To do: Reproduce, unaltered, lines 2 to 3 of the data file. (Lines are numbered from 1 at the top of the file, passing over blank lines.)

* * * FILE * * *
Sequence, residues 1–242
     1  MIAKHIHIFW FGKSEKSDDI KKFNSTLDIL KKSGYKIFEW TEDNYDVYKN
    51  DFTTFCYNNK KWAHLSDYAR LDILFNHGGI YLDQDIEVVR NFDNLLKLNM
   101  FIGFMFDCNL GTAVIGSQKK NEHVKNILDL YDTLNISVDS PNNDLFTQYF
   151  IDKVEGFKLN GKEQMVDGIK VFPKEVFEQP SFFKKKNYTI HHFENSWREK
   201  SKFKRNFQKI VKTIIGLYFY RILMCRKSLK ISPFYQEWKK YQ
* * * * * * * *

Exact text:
     1  MIAKHIHIFW FGKSEKSDDI KKFNSTLDIL KKSGYKIFEW TEDNYDVYKN
    51  DFTTFCYNNK KWAHLSDYAR LDILFNHGGI YLDQDIEVVR NFDNLLKLNM